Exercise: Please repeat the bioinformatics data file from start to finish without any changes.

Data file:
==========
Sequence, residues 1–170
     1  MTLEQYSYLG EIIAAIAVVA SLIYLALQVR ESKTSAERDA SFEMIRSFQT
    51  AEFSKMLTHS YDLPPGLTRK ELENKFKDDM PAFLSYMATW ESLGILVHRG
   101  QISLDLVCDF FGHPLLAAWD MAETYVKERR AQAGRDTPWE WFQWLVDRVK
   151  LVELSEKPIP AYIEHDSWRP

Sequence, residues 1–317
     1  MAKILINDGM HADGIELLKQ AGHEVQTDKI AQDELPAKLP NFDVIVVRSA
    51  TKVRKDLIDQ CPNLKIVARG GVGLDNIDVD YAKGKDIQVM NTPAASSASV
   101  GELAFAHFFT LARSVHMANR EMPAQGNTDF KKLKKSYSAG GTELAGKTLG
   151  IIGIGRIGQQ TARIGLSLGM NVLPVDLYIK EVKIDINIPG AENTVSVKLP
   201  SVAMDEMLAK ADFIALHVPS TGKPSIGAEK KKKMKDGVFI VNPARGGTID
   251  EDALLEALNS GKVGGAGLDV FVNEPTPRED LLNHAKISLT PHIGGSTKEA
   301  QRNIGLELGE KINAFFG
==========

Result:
Sequence, residues 1–170
     1  MTLEQYSYLG EIIAAIAVVA SLIYLALQVR ESKTSAERDA SFEMIRSFQT
    51  AEFSKMLTHS YDLPPGLTRK ELENKFKDDM PAFLSYMATW ESLGILVHRG
   101  QISLDLVCDF FGHPLLAAWD MAETYVKERR AQAGRDTPWE WFQWLVDRVK
   151  LVELSEKPIP AYIEHDSWRP

Sequence, residues 1–317
     1  MAKILINDGM HADGIELLKQ AGHEVQTDKI AQDELPAKLP NFDVIVVRSA
    51  TKVRKDLIDQ CPNLKIVARG GVGLDNIDVD YAKGKDIQVM NTPAASSASV
   101  GELAFAHFFT LARSVHMANR EMPAQGNTDF KKLKKSYSAG GTELAGKTLG
   151  IIGIGRIGQQ TARIGLSLGM NVLPVDLYIK EVKIDINIPG AENTVSVKLP
   201  SVAMDEMLAK ADFIALHVPS TGKPSIGAEK KKKMKDGVFI VNPARGGTID
   251  EDALLEALNS GKVGGAGLDV FVNEPTPRED LLNHAKISLT PHIGGSTKEA
   301  QRNIGLELGE KINAFFG